top of page

From the Coffin

Character Development by a Master

Below is a guest blog written by Sadie Hiam, who I’m very proud to say is one of my children! Their close reading of a Willa Cather story leads to insights for all of us writers. How do you get to know someone who can’t speak for themselves any longer? Difficult, but leave it to Cather to bring the dead to life.

Thanks, Sadie, for bringing this great story to my attention and sharing your thoughts about it.

Fellow writers and readers, if you haven’t read Cather’s story yet, do look it up. -Alex

# # #

Guest Blog by Sadie Hiam

In Willa Cather’s short story, “The Sculptor’s Funeral”, the dead speak loudly through the living. At the beginning of the story, a body arrives on a train, in a coffin. At first, the body is given no name. At the train station, he is met by a group of men from the town who bring his body to his childhood home. By the end, we come to know the life of Harvey Merrick through the eyes of the people who surround him.

In “The Sculptor’s Funeral”, Cather allows the dead protagonist to keep on living through the words and actions of other characters. Whether kind or critical, each story carries a bit of the truth to help the reader understand who the protagonist was.

As a corpse, Harvey is unable to physically respond to the words of other characters, however, his actions are brought to life through the other characters– specifically in relation to his mother. His biggest action was leaving home to follow his dreams and returning for his funeral. At the sight of her son’s coffin, his mother cries out, “My boy, my boy! And this is how you’ve come home to me!” These words sound more accusatory than mournful, and seem to foreshadow the tension in their relationship between mother and son. While his father and his student describe him as gentle and sweet, we get the sense that his childhood was brutal because of his mother. Jim, the lawyer, states, “The old woman is a fury; there never was anyone like her. She made Harvey’s life a hell for him when he lived at home.” We know he carried the pain of this relationship as Henry Stevens, his student, recalls, his distrust of women, the reference to his drinking, and the sculptor’s emotional reaction when Henry asks about a delicate sculpture. Henry had asked Harvey “If it were his mother. He remembered the dull flush that had burned up in the sculptor’s face.” With these few words Cather shows the reader the shame and embarrassment Harvey felt about his relationship with his mother.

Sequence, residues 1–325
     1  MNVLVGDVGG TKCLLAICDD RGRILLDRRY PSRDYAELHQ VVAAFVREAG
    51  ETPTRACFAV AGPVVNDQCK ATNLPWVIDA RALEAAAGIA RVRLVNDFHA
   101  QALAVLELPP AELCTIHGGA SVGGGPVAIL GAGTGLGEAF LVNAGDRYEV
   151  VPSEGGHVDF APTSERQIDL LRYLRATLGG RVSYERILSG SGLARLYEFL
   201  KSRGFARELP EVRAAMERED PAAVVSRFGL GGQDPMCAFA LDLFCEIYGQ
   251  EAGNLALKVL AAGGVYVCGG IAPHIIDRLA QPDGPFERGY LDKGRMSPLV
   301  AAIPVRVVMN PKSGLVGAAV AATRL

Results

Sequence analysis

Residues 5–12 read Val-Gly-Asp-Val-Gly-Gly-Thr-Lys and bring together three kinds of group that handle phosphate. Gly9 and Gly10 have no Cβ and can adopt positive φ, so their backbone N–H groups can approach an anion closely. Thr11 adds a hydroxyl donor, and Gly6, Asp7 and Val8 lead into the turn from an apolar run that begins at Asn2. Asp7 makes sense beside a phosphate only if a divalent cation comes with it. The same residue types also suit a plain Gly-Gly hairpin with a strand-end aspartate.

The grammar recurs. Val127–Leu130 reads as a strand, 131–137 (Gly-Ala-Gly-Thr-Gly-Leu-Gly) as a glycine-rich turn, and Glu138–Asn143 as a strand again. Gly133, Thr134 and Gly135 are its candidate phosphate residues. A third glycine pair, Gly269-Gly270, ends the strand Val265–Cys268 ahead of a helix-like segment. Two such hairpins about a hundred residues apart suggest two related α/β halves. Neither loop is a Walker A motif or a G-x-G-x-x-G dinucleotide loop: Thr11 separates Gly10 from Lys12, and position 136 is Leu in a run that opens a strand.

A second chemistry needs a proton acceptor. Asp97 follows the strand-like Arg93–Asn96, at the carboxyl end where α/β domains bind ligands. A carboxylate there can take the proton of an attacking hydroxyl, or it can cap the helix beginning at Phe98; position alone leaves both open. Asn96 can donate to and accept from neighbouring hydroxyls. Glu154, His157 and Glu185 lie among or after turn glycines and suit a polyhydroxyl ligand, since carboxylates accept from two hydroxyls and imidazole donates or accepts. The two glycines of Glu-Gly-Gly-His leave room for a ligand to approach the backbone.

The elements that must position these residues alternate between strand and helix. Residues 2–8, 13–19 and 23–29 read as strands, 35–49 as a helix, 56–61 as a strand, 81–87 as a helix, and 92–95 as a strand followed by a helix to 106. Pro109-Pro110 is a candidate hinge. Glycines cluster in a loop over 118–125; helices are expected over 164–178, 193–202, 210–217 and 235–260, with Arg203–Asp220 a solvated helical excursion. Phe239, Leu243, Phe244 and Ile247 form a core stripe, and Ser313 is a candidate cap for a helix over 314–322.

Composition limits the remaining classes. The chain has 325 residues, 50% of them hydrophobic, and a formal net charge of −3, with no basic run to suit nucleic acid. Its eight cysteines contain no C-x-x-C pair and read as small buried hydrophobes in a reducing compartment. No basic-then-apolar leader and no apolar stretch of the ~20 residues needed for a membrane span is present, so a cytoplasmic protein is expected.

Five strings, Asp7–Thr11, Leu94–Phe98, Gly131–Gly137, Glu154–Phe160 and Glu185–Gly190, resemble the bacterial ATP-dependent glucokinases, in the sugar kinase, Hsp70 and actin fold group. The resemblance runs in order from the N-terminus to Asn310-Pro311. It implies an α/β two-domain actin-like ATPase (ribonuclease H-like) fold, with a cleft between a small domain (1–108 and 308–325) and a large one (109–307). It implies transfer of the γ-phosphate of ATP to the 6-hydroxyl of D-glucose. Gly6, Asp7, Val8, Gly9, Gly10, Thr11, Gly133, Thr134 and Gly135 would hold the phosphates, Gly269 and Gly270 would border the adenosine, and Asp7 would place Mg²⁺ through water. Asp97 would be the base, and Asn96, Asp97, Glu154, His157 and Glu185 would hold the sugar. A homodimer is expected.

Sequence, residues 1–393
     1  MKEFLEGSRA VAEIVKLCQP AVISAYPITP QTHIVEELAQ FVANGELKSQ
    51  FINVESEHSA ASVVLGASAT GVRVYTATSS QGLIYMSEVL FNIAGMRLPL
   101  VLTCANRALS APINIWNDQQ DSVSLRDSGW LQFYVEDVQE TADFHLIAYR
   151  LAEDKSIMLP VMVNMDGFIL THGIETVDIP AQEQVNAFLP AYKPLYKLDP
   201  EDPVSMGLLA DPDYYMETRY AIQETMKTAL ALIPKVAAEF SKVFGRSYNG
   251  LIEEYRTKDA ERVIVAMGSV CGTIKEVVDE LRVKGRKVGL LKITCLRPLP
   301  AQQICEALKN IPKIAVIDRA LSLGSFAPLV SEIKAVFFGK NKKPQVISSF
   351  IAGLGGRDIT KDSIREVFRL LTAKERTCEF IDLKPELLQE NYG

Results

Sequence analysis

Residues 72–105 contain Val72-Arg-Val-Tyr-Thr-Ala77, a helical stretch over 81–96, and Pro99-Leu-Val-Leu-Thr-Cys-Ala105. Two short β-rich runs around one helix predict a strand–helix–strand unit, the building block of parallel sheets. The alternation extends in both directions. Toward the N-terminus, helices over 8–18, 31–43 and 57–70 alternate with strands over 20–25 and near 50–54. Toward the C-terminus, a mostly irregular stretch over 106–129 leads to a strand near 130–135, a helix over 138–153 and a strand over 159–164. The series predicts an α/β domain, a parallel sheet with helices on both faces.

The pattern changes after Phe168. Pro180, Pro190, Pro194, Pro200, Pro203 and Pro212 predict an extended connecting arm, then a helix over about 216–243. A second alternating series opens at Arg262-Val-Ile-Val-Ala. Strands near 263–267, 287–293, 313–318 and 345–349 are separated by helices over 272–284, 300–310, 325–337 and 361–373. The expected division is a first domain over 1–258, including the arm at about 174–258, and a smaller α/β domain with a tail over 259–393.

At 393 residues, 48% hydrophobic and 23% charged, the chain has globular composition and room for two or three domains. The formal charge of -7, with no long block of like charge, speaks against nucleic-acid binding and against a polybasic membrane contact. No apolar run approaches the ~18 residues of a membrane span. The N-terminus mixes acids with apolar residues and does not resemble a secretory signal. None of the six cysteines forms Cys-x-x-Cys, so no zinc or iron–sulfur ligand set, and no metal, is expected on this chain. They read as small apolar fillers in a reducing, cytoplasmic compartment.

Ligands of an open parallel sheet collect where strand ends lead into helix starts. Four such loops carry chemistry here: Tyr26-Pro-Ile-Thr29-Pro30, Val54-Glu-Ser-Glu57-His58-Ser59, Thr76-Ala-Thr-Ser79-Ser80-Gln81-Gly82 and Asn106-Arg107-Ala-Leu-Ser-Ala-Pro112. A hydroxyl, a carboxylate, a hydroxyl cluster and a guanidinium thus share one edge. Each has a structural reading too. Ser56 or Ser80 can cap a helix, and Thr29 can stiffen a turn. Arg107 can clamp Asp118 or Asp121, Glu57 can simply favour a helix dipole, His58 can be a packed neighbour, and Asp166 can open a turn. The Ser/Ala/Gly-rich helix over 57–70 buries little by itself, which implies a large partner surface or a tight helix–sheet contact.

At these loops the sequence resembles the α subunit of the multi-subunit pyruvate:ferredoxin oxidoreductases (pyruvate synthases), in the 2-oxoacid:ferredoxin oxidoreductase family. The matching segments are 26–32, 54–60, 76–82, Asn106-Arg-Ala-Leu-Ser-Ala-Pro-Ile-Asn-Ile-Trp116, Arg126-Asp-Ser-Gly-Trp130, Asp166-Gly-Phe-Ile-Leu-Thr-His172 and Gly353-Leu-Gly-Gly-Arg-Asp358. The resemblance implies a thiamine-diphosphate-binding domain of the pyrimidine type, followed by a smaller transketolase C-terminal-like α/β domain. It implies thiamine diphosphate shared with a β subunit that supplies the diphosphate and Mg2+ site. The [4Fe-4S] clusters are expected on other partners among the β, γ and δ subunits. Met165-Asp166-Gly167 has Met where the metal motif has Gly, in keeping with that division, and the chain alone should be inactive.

At the wake, many of the townsmen say unkind things about the sculptor. In his description of Harvey, the Grand Army man says, “His mother used to whale him with a rawhide in the barn for lettin’ the cows git foundered in the cornfield when he was drivin’ ‘em home from pasture. He killed a cow of mine that-a-way onct.” The cattleman states, “Harve’ never could have handled stock none [...] He hadn’t it in him to be sharp.” He goes on to describe how Harvey got cheated when he purchased mules that were older than he was told. These quotes reveal how the townsmen were critical of Harvey for not becoming a businessman, farmer, or even a banker. Harvey did not stay in his town to become successful according to their ideals. Instead he left his small town to become an artist, which the townspeople couldn’t understand. Using indirect characterization, Cather is able to show Harvey as an individual who would not compromise who he was, unlike Jim.

Cather’s description of Harvey’s physical appearance is also important to bringing him to life for the reader to feel for him. As he lay in the open coffin for viewing, Cather writes, “It was as though the strain of life had been so sharp and bitter, that death could not at once relax the tension and smooth the countenance into perfect peace…” Cather uses his facial expression not only as foreshadowing for what the townsmen say, but also shows how a part of him always stayed in that town, how he always carried the impact of his early life with him, all the way to his grave.

Cather is able to bring the sculptor to life through the words of other characters, making the reader feel closer to Harvey than any of the other characters. In the reading, Harvey’s character develops from an unnamed corpse to a full fleshed out character. He is described in many ways, both good and bad, depending on who is describing him. His father sums up his character: “He was a good boy, Jim; always a good boy. He was ez gentle ez a child and the kindest of ‘em all — only we didn’t none of us ever understand him.” Each description is true to an extent, and the realism of this makes Harvey human.

Alex Hiam teaches creative writing and is the author of Silent Lee and the Adventure of the Side Door Key and Silent Lee and the Oxford Adventure, available on

4 views0 comments


bottom of page